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Day 11 - February 19, 2009 - Elephant Island

By Berenice Charpin

Noon weather and position:
Temperature: 2ºC
Pressure 989hPa
30km/h E wind
Co-ordinates 610 03' 58'' S, 540 38' 49'' W

During the night we experienced very rough seas, but as we woke up in the morning, we realised conditions had improved. Nevertheless, we were still 3 hours away from Elephant Island, so after a quiet breakfast, Chris Edwards, our geologist, gave a lecture on the Glaciology of Antarctica. He started by explaining how Antarctica had reached such an isolated position and thus had turned out to be an extremely cold continent. Then, we learnt about the formation and characteristics of sea ice and finally about glacier ice, ice shelves and icebergs.

Later on, Andrew Marshall, our marine biologist, gave his lecture “Fins, Furs and Flippers”. It was very interesting to hear about the life history and behaviours of seals, especially since we had seen so many fur seals and elephant seals in South Georgia, and also because we still expect to see some more seals in the Antarctica Peninsula.

Before noon, we could already see Elephant Island in the distance. Elephant Island is indelibly linked with Sir Ernest Shackleton's Endurance famous expedition of 1914-1917.

We approached Point Wild right after lunch. This was the jumping-off spot for Shackleton and five of his men (Frank Worsley, Tom Crean, Harry McNeish, John Vincent, Tim McCarthy) in the lifeboat James Caird, which we had seen a replica of in Grytviken two days ago. They successfully negotiated the 800-mile passage to South Georgia, and Shackleton ultimately returned to rescue the 22 men stranded at this rugged location. The site is named after Frank Wild, who was leader of the stranded party that camped here for four months until they were rescued in August 1916. The Chileans have erected a monument on site with a bust of Capt. Pardo, the master of the vessel Yelcho who rescued these men.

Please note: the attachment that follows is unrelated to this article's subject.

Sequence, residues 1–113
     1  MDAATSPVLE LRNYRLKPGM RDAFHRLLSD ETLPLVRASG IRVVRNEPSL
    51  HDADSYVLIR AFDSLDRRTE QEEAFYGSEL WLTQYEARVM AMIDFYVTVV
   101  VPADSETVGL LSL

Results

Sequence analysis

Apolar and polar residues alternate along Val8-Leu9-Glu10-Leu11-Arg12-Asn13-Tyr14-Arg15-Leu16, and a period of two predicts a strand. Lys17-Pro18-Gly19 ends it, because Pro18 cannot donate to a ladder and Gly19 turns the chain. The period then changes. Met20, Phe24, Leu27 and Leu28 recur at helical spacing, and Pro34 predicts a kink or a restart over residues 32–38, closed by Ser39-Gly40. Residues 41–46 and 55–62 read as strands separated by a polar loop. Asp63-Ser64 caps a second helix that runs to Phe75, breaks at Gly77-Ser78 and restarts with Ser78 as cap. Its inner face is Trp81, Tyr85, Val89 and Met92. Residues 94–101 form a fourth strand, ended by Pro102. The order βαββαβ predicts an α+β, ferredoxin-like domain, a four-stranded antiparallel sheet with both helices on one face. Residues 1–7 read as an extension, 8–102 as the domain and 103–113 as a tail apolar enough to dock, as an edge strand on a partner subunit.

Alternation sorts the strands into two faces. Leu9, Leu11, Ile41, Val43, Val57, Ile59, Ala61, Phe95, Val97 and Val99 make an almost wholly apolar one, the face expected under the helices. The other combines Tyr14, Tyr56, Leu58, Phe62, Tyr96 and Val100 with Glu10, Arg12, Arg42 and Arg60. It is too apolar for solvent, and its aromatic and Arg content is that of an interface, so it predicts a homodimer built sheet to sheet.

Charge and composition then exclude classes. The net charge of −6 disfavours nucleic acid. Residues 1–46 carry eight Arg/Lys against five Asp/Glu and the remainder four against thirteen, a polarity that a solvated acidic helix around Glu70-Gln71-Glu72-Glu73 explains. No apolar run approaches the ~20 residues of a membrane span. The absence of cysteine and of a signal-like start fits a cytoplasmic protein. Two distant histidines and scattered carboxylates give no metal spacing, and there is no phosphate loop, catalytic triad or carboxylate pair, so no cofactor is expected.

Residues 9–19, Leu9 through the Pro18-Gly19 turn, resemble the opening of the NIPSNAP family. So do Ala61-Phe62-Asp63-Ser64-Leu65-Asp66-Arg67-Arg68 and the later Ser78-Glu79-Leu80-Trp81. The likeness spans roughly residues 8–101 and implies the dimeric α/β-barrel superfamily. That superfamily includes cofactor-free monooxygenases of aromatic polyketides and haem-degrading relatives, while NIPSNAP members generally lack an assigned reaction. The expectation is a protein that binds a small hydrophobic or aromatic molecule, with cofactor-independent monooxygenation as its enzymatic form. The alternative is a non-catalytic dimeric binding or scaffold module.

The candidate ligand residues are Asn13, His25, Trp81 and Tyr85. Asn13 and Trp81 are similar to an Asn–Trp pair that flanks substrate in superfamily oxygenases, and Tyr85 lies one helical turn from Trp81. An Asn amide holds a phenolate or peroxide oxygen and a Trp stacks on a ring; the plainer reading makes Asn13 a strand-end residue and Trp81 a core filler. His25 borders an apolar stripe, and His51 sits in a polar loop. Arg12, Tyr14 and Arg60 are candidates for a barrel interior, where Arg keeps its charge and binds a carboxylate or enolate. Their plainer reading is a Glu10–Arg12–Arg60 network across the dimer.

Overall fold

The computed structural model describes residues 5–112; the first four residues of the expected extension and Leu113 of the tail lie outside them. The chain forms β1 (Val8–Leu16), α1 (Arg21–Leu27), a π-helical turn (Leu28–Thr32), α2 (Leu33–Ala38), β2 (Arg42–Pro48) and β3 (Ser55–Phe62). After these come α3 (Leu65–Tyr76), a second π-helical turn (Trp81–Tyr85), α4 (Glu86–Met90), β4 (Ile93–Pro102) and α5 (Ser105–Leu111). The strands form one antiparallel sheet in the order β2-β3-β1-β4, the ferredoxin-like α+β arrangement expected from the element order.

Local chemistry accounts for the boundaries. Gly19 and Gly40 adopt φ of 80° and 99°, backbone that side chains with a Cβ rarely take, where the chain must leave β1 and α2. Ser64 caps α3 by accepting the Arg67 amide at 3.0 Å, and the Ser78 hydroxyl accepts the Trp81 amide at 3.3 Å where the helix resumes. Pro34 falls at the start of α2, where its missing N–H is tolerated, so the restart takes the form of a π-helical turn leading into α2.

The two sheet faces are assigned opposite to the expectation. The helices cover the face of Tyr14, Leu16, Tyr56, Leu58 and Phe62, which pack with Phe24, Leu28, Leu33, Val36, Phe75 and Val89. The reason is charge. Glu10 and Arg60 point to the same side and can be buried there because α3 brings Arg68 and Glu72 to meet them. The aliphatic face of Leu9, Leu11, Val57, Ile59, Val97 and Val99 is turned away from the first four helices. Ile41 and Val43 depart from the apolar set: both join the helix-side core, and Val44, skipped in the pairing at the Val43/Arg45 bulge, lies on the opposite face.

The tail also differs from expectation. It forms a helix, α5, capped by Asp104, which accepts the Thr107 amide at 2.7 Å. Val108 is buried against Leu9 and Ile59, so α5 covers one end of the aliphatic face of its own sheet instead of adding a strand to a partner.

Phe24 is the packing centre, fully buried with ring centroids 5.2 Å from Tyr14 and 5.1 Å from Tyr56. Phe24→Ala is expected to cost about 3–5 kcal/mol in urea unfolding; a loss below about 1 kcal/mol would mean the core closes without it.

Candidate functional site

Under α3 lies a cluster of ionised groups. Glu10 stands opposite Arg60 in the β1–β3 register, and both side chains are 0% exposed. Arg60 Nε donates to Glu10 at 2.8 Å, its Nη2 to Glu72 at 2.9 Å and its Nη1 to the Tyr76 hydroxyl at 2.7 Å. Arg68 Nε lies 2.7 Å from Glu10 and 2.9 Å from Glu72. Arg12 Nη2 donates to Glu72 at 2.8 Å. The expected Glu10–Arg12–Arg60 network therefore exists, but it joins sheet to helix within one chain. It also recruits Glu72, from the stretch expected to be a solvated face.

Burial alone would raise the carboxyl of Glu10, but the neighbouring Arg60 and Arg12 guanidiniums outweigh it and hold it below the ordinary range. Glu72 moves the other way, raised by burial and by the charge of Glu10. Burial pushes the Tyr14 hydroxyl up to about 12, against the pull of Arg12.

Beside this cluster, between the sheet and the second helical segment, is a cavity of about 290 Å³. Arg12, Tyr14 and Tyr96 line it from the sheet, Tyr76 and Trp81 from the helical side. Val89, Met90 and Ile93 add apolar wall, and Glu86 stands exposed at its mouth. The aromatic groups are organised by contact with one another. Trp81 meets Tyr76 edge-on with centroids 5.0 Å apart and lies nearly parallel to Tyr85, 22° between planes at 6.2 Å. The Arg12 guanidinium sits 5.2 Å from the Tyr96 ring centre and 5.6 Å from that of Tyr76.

We also spotted breeding chinstrap penguins on Point Wild. We took lots of photos and slowly the Prince Albert II headed southward for the Antarctic Sound.

In the afternoon, we watched an IMAX documentary on Shackleton's expedition. It is very difficult to imagine the ordeal and struggles they went through, but still, the most amazing thing is that all of them survived.

Most of us enjoyed teatime in the Panorama Lounge with the sounds of Adam and later on we all gathered at The Theatre for our daily recap and briefing about tomorrow's activities. We will visit the area of the Antarctic Sound where the massive tabular icebergs might be seen.

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